Therefore, whenever we have the opportunity, we should do good to everyone... Galatians 6:10
Being a helpful friend is different than simply being a nice person. If you are on the side of the road in a broken-down car, would you rather someone drive by and shout, "I'm sorry that happened to you!" or pull over and help you fix it? Which one is helpful? Help is often the physical form of encouragement. To be helpful to one another, we must get into the habit of putting actions behind even our kindest words. James, in the Bible, put it this way: Suppose a brother or a sister is without clothes and daily food. If one of you says to them, “Go in peace; keep warm and well fed,” but does nothing about their physical needs, what good is it?” (James 2:15,16)
To become more helpful, first establish yourself as someone who is reliable. If you get a group text saying that your friend needs help moving, don't assume the others will do it and avoid replying. Give a reason you won't be available or agree to be there. Put it on your calendar so you won't accidentally schedule something on top of it and be tempted to back out later. Initiate a call to your friend in the next few days to confirm the time you should arrive on moving day. If you offer help, make sure you provide help.
Second, being helpful is about becoming observant because asking for help, even when they really need it, is difficult for many people. Have you noticed that when you ask, "Is there anything you need?" most people will say no, even if you know them very well? This question is too broad. Notice that if someone asks you, what the best thing is that you've ever eaten, you may struggle to find an answer! But most of us can remember the best thing we've eaten in the past month. Also, some people are embarrassed to state specific needs they have because they worry that they're imposing on their friends or that they’ll appear incapable of providing for themselves.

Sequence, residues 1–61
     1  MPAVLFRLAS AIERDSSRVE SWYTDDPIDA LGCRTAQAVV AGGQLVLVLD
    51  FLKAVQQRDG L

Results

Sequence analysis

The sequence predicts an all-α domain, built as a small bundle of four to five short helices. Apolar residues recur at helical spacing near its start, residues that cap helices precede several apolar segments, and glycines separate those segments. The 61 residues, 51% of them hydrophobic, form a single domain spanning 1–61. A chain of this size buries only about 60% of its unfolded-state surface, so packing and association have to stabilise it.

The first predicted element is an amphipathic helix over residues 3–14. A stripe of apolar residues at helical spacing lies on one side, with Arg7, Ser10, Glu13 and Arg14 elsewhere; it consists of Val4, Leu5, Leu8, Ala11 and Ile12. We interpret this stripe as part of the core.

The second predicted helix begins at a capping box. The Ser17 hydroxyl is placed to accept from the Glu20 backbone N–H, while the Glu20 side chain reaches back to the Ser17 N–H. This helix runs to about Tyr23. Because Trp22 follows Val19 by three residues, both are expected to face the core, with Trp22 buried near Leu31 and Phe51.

We can spare a friend from feeling overwhelmed or embarrassed by identifying their specific needs on our own and simply meeting those needs. Instead of saying, "is there anything you need", try saying, "I am bringing you dinner. Is 6pm a good time?" Or, "Can I babysit your kids on Friday evening?" If you see that a friend could use help, but you don't know how you can help them, stay as specific as possible. "It sounds like you have a big job to do on Wednesday afternoon. I have an hour of free time. What could I do that would be useful to you?"
Third, being helpful is about using your resources creatively. Once you've practiced being reliable and observant, you'll never run out of opportunities to help. If you can't give money, give your time. If you can't move heavy furniture, wash the windows. If you can't offer someone a job, be proactive about sending links to job listings you come across. If you can't be personally helpful, do whatever you can to connect your friend with someone who can help.
Not all needs are drastic. The apostle Paul was blunt in his letter to the Galatian church about helping others. "If you think you are too important to help someone, you are only fooling yourself. You are not that important" (Galatians 6:3). Is your host starting on a mountain of dirty dishes? Don’t ask if they want help; just start helping. You are not too important for dirty dishes. Whenever you see work to be done, don’t let someone else do it alone. Before long, you will be putting your faith into action and you will be known as a helpful friend.
Resource reading: Galatians 6:2-10